Last Thursday, I headed up to London for an Industry Panel organised by the Romantic Novelists' Association. The panel was chaired by Christina Courtenay and on the panel we had Gillian Green, Editorial Director with Ebury Publishing, Cathy Rentzenbrink who works for Waterstones, and Carrie Kania, an agent with Conville & Walsh.
First of all, I will apologise for the fact I didn't take notes and this is all from memory, so I will miss some points that were made on the day. You just have to hope my brain isn't depriving you of any gems. If it makes you feel better - it's depriving me of said gems as well.
Advise for new writers
- Write from your heart.
- Don't try and guess what the next big thing is, just write a good story.
- Just keep going. Don't give up!
- When approaching publishers and agents it's best not to label yourself, especially with a mix of two authors. For (really bad) example, I'm somewhere between J.K Rowling and Stephen King.
- It it up to the publisher/agent to decide where your style sits, don't decide (and add an unlikely comparison to the current best-sellers) in your cover letter.
The Power of Book Clubs
- Book clubs over in America have been behind the success of books like 'The Help.'
- It's good to get involved with book clubs and worth joining one as a writer.
What do readers want to see in Women's Fiction?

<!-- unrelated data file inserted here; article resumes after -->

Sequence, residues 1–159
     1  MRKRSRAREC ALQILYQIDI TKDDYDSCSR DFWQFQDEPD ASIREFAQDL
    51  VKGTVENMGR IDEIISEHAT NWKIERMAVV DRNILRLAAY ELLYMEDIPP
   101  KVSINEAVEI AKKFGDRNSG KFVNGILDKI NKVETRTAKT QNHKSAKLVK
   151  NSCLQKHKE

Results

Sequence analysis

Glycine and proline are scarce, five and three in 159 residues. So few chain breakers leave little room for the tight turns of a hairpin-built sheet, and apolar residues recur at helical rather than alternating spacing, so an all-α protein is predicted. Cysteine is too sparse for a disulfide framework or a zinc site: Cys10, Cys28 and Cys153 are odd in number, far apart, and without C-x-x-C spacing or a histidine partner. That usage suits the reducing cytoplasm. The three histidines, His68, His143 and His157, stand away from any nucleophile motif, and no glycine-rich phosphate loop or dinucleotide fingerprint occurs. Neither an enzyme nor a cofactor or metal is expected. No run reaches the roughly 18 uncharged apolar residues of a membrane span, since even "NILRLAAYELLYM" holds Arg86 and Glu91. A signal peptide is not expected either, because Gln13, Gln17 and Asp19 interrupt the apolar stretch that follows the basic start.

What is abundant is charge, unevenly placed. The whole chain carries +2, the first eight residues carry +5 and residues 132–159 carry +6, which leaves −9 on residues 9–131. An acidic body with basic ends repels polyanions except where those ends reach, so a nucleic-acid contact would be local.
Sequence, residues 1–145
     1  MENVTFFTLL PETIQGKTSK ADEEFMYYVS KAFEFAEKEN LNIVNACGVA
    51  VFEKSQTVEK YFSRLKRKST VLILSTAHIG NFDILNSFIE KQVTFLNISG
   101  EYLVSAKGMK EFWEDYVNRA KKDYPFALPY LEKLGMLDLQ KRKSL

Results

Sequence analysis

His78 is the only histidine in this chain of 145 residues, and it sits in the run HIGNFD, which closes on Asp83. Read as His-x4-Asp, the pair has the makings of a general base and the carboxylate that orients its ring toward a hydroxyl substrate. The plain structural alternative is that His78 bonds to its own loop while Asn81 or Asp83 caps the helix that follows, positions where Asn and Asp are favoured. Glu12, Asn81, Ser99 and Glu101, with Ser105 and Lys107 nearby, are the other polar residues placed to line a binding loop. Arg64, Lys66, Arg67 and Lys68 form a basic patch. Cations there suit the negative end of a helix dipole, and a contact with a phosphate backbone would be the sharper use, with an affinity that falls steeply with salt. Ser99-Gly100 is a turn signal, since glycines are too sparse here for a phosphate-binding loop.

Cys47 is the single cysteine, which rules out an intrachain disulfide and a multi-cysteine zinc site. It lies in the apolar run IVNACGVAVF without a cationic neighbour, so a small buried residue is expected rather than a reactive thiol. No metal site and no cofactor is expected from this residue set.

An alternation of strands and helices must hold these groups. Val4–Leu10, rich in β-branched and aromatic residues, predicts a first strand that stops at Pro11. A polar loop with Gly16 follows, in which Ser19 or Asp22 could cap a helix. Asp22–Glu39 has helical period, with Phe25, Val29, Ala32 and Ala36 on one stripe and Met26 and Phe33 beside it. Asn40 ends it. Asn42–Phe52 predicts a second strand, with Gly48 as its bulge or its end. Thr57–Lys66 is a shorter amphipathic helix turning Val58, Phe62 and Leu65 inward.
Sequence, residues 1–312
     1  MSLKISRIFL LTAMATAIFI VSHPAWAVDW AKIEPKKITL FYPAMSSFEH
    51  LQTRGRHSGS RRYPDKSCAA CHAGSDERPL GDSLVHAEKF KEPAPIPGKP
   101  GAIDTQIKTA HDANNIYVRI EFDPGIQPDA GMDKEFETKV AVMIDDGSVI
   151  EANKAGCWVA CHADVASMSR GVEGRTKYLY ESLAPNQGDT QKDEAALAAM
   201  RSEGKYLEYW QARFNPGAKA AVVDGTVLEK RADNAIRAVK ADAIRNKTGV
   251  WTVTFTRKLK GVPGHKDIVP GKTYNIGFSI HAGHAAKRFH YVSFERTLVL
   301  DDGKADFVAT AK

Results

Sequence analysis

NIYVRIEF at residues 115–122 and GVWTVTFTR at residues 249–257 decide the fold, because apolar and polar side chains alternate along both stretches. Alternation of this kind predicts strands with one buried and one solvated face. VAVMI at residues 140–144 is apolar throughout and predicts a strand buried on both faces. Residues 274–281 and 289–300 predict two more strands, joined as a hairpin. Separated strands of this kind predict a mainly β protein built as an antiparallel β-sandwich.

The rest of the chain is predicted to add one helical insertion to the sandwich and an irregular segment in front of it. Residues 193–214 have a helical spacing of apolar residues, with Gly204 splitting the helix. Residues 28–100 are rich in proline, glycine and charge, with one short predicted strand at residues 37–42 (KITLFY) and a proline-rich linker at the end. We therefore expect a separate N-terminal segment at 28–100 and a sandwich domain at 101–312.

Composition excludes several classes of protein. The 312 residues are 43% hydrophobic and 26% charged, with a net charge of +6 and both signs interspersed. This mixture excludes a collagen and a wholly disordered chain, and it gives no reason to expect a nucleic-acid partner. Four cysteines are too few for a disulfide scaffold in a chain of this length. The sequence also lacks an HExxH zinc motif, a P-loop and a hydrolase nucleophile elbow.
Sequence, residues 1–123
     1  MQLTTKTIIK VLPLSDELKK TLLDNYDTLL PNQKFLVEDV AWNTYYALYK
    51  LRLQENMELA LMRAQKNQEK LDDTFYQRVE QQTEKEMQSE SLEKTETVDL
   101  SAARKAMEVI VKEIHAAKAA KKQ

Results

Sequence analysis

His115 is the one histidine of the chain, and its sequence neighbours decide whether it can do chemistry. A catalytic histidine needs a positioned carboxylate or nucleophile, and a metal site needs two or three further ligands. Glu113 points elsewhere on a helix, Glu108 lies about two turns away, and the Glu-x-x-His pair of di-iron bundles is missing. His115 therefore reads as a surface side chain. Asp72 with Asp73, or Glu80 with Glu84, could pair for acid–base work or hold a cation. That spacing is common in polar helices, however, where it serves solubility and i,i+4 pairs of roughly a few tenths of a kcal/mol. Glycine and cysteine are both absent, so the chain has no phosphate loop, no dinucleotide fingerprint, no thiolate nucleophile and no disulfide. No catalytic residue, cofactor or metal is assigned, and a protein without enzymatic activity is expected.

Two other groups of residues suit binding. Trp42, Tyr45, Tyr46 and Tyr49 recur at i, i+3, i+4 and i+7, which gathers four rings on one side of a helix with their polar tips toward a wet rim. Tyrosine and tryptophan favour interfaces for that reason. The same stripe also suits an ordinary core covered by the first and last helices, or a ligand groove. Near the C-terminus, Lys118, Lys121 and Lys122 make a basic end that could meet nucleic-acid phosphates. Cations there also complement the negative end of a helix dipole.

- The panel said it's not so much about the traditional boy meets girl anymore.
- Readers prefer the heroine to face a dilemma. Carrie Kania called this type of work Moral Lit.
- It's still all about good stories.
What makes the panel pick out a book/story?
- Cathy from Waterstones pointed out how author interaction can make a difference. She receives a desk load of books every week, but had selected one out and popped it in her handbag for three reasons. The book was A Cornish House by Liz Fenwick. Her reasons for selecting it were her own connection with Cornwall, the cover and Liz's personable interactions on twitter.
- Carrie mentioned that it is the sentence that stands out for her. All the things like character and plotting can be advised on, but it is how the author forms sentences that makes a piece stand out for her.
Paperback vs. ebooks
- They talked about ebooks and how that is changing, but they believe this will still exist alongside paperback books. The UK market continues to evolve and is playing catch up to the US market.
- There was talk about Amazon and the role it plays. The panel was asked if they are worried about Amazon starting their own publications, but they all said they would wait and see.
Agents as publishers
- The panel was asked about the fact that some agents are trying to become publishers over in America and whether this is something set to continue. They agreed the roles of agent/publisher/editor are separate.
Like I said, I've included the bits I've remembered. There was more, but I've never been one for noting things down as I prefer to take it all in. I'd never make it as a journalist, but there you go.
There was not an ounce of doom and gloom. I came away feeling very optimistic... or was that because I was heading to the pub?
|Photo taken by Liz Harris|